1. Wow. What a colorful photo of the Rock Yard. We’ve never seen one quite like it. Great work

    August 15, 2011 at 2:32 PM

    • Thanks for the comment, Fantasy Springs is one of our favorite places to relax. Do take a look at the image in my gallery (tab at top of this page) in the Architecture group, much better color and brightness.

      August 15, 2011 at 2:43 PM

  2. oneowner

    This is a colorful photo but the WordPress page looks a little dull, that is to say the vibrancy that I think you intend is not showing on my display. It looks very similar to the G+ link (not sure what that is) but the SmugMug display is the most vibrant. My monitor is only calibrated with the Windows calibration device (which I think is fairly accurate) and matches the prints in color and exposure I get from MPIX. When the monitor matches the prints I think that’s as far as I need to go. MPIX has always delivered extremely high quality work for me. I wonder if some WordPress themes, yours is very dark, mine is very light) affect how an image appears on different monitors.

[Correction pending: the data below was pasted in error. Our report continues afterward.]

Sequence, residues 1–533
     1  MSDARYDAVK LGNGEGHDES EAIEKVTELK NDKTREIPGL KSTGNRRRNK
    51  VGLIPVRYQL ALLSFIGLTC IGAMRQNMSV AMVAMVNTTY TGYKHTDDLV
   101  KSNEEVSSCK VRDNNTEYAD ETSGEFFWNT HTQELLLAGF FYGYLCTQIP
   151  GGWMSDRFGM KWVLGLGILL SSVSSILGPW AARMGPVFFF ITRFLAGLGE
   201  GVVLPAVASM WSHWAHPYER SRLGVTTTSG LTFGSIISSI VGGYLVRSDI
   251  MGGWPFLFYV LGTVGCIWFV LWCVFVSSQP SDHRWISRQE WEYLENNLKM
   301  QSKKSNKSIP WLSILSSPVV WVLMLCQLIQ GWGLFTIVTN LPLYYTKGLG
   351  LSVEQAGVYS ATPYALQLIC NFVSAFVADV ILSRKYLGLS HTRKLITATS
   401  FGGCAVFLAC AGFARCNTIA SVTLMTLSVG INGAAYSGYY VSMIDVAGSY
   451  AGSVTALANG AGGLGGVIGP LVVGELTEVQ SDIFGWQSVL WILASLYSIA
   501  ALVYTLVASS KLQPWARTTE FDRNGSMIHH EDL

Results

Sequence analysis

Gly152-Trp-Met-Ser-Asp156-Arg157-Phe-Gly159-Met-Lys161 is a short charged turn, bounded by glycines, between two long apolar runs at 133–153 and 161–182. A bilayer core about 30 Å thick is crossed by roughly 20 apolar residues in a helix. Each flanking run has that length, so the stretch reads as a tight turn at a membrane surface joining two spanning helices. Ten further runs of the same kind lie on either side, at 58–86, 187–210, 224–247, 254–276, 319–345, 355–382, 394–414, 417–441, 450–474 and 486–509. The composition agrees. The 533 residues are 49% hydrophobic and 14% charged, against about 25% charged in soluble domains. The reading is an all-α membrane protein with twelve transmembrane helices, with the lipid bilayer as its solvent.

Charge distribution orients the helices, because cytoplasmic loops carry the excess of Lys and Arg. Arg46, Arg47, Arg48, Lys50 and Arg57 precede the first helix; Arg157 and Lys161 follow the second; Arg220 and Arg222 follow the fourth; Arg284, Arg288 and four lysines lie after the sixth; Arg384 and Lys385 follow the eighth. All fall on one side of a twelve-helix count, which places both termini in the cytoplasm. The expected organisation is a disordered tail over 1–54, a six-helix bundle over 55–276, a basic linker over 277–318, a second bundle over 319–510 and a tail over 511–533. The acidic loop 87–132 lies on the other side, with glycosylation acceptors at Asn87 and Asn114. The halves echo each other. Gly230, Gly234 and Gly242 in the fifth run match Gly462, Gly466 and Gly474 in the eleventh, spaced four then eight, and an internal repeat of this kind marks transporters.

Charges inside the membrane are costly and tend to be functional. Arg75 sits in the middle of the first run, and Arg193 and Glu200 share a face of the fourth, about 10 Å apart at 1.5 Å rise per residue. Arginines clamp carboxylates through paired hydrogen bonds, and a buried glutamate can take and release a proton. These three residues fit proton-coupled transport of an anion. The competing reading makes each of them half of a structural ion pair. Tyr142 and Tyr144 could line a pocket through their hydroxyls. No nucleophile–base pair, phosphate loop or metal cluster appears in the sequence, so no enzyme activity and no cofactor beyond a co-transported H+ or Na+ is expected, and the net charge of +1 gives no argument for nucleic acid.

August 15, 2011 at 3:13 PM

    • Thanks for the comments, Ken. G+ is Google Plus, would you like an invite to that? I recently acquired a Pantone Huey and am using that to calibrate the monitor. I print my images through my gallery on SmugMug and use Bay Photo and allow them to manually color correct for me, and I am very happy with the resulting prints.

      I do think the reason these images are not as bright and colorful when hosted on WordPress and G+ has something to do with their image processing. Another oddity that I noticed, is that if you look at my image today in my post to the G+ stream, or in my album on G+, the color and brightness is like it is here, but when I display the image as a thumbnail in my G+ Notifications window, the image is exactly as I expected and wanted it to be. So I really think there is some thing going on with their image handling. I am going to report this to them and see if they respond.

      August 15, 2011 at 3:50 PM